Care of the HIV-Infected Transgender Patient 

Updated January 2012; reviewed April 2015


Clinicians providing services to HIV-infected transgender patients should integrate transgender treatment recommendations and standards of care into their practice. (AII)

Clinicians caring for HIV-infected patients may encounter individuals whose experienced gender does not conform to his/her natally assigned sex. These guidelines use the term transgender to refer to a broad range of nonconforming gender identities.

Some patients may be unsure of their gender identity and may not have had opportunities to discuss their concerns with a medical professional. Others may have a highly developed gender identity and may request hormone therapy or may already be receiving hormones that are obtained either by prescription or illicitly without a prescription.

Many HIV-infected transgender patients avoid healthcare providers because they fear insensitive treatment or have perceptions of being judged. Some of these patients also may have had poor interactions with previous providers. Providing a spectrum of care may help patients overcome resistance to treatment if these services are provided in a nonjudgmental manner. These services include:

  • HIV-related medical care that includes HIV prevention and harm reduction counseling
  • Mental health and substance use screening and services
  • Transgender-specific care, such as hormone therapy and case management services

As part of transgender-specific care, clinicians should integrate treatment recommendations and standards of care for transgender patients into their practice. For information regarding transgender standards of care, see Section X: Transgender-Related Standards of Care and Referral Resources.

Provision of transgender-related services in one setting is optimal. However, if such treatment integration is not possible, the clinician should make appropriate referrals for necessary specialized services, including transgender-related healthcare, community resources, and legal services (see Section X: Transgender-Related Standards of Care and Referral Resources).

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Specific epidemiologic data for HIV-infected transgender individuals are lacking. However, a review of available data reported a mean HIV prevalence of 27.7% in male-to-females (MtFs) in four studies where HIV testing was performed in this population.1 Seroprevalence was highest among black MtFs, with a mean estimate of 56.3%.1 An HIV prevalence rate of 68% among MtF sex workers was also reported in a small sample population.1 Limited data suggest that HIV prevalence rates among female-to-males (FtMs) is low, but their self-reported sexual risk behaviors suggest an increased risk for HIV infection compared with the general population.1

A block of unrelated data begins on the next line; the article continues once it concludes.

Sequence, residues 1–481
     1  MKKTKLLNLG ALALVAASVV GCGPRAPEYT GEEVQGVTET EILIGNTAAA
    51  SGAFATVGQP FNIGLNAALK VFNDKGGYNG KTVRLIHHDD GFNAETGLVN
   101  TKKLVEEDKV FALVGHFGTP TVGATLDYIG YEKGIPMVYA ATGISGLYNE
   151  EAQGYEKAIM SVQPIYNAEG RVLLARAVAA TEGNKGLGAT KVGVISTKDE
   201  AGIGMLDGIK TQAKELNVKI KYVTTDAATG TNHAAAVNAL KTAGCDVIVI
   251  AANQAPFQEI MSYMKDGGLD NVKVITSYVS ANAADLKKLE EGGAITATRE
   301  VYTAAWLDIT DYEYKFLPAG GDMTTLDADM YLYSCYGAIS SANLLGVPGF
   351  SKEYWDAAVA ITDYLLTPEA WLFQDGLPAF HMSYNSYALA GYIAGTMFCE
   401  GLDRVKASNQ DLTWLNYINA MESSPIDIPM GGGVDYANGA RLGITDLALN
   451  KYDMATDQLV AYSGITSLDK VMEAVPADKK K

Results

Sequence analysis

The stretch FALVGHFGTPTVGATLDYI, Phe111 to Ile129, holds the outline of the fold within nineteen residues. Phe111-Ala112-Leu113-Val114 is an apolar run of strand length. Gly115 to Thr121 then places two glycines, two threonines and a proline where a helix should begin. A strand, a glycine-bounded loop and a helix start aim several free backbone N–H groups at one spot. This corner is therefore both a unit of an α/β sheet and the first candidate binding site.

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Knowledge of transgender-related terminology is important for awareness and effective communication with transgender patients. Table 1 provides an overview of commonly used transgender-related terms.

Table 1: Transgender-Related Terminology
Transgender: An umbrella term for people whose gender identity extends beyond the conventional paradigms of birth-assigned sex, behavior, or appearance. The term may include, but is not limited to, people who identify as male-to-female (MtF) or female-to-male (FtM), cross-dressers, androgynous, and bi-gender individuals.

Male-to-Female (MtF) Transgender or Transfemale or Transwoman: An individual born with male anatomy whose gender identity is that of a woman. A MtF transgender person may or may not choose feminization enhancement treatments or may choose specific, instead of complete, enhancements. For example, the individual may choose to enlarge breasts but maintain male genitalia.

Female-to-Male (FtM) Transgender or Transmale or Transman: An individual born with female anatomy whose gender identity is that of a man. A FtM transgender person may or may not choose masculine enhancement treatments or may choose specific, instead of complete, enhancements.

Transsexual: An antiquated term that originated in the medical and psychological literature to describe someone who identifies as a member of the opposite anatomical sex. Many transgender people prefer the term transgender instead of transsexual, and, unlike transgender, transsexual is not an umbrella term to describe gender variation in an individual.

Intersex: A term applied to various conditions resulting from chromosomal anomalies and developmental disorders (e.g., androgen insensitivity syndrome and congenital adrenal hyperplasia) that result in impaired fertility, mixed sex characteristics, and, although rare, ambiguous genitalia. Intersex conditions are currently being redefined in the medical literature as disorders of sex development.2,3